The Nairobi Securities Exchange has taken a commendable step in proposing to set up a board where distressed companies can stay as they put their houses in order. However, the test of the pudding is in the eating.
For starters, the NSE must move beyond the proposal stage and actually make this plan a reality so that firms that have serious governance challenges can be moved to the new platform.
This will have two benefits; first, it will signal to investors that the distressed companies are a risky investment even if their shares cost so little. Secondly, it will challenge the directors and managers to raise their game so that they are put back on the main trading platform.
Of course, the listing will also serve as a cautionary tale to other listed firms that they need to remain in good books.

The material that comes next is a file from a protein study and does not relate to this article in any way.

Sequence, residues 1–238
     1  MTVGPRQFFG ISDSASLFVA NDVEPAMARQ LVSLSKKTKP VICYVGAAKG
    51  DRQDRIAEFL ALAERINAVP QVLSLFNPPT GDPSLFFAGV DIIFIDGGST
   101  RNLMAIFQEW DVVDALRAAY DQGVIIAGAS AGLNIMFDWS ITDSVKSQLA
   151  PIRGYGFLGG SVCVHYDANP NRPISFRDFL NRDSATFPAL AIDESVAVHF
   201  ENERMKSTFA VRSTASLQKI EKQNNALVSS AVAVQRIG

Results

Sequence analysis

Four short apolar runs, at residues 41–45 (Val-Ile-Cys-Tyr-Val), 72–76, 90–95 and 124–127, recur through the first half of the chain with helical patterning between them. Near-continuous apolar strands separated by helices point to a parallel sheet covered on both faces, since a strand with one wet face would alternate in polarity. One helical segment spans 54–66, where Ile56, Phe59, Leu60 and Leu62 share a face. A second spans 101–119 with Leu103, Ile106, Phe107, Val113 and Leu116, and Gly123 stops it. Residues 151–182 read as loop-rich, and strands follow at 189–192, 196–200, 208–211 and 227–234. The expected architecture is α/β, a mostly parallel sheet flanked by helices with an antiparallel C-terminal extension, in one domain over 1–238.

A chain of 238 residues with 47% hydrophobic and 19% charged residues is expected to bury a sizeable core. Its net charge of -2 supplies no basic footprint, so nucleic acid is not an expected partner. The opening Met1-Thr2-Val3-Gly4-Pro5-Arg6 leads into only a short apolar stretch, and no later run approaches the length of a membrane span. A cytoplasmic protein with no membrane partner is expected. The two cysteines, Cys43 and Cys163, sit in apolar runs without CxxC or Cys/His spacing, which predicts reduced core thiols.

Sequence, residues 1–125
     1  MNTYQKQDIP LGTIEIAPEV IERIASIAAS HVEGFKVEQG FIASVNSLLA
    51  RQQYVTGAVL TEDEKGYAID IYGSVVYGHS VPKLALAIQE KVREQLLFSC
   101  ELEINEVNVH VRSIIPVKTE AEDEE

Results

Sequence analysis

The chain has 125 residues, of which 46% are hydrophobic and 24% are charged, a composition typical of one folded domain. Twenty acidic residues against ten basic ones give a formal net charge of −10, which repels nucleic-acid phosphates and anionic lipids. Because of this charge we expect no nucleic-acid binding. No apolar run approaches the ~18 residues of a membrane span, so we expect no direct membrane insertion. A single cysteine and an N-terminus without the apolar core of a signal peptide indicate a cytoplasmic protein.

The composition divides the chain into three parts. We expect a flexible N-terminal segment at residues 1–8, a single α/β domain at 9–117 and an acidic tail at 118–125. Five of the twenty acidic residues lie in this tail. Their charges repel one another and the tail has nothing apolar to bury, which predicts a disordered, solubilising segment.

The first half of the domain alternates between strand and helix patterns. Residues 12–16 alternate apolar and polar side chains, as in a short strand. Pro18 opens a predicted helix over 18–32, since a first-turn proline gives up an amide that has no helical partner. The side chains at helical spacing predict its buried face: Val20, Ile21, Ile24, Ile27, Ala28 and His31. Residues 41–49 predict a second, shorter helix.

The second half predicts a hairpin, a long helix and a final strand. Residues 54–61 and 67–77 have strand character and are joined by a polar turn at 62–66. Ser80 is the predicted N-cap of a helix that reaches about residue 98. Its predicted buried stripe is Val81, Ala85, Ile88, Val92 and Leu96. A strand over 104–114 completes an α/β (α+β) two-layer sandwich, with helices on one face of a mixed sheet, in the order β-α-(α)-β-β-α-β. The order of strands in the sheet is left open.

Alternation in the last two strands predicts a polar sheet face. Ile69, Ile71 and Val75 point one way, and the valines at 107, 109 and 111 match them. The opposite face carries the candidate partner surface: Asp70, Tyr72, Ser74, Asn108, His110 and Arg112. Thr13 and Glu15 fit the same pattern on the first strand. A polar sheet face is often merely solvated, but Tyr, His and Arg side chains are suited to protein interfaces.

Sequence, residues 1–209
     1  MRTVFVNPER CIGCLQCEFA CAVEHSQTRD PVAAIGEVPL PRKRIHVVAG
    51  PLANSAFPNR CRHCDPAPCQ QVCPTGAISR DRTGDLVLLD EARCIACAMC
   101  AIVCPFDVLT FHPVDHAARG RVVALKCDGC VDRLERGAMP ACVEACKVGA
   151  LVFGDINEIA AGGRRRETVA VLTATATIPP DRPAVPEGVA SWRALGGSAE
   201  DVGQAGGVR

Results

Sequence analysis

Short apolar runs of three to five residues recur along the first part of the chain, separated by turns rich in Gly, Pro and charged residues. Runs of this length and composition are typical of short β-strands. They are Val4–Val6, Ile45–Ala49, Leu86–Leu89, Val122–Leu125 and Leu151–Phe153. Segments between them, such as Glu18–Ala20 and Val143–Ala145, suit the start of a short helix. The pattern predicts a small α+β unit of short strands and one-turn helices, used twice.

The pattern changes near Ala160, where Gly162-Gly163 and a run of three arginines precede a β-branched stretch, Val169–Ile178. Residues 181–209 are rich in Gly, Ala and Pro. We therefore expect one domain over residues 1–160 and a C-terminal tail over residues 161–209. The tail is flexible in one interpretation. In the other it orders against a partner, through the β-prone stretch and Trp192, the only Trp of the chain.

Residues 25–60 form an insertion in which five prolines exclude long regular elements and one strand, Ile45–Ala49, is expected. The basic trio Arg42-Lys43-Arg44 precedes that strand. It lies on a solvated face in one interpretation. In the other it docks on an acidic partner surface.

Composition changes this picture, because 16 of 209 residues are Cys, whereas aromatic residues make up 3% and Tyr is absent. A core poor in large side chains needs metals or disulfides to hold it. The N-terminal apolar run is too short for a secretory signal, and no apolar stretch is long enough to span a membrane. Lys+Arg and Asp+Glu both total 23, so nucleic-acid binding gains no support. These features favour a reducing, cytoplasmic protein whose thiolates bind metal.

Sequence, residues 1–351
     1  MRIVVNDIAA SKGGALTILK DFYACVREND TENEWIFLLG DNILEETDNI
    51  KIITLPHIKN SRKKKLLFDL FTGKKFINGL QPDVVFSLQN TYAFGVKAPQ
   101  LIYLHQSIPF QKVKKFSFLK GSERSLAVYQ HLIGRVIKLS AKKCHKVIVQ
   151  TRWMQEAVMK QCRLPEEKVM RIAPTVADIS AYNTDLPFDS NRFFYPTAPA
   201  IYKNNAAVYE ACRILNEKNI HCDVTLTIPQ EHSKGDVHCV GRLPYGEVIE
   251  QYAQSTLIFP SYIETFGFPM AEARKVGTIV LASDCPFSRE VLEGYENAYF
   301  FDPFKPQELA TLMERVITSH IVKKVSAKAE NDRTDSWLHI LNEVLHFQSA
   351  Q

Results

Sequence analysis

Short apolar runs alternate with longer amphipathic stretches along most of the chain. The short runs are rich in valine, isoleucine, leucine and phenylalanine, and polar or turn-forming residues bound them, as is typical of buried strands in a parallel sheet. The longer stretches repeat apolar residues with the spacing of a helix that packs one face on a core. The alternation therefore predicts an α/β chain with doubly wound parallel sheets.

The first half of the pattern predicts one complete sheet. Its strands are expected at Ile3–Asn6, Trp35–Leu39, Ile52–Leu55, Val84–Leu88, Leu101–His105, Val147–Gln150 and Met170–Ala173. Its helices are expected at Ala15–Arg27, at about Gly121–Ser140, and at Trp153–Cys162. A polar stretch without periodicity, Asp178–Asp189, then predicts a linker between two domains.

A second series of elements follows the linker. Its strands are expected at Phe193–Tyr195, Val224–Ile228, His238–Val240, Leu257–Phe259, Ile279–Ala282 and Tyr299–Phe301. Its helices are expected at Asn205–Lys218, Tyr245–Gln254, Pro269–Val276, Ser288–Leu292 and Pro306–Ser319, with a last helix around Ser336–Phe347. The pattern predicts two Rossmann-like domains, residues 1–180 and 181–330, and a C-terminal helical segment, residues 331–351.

Having said that, it would be advisable for the NSE to consult widely on the proposals and ensure that they are water-tight so that they can uphold predictability of sanctions in the face of any given performance. That way, the rules cannot be used arbitrarily or at whim to punish companies that are otherwise well-managed but are distressed for reasons beyond their control.
Listed firms should also commit to show willingness.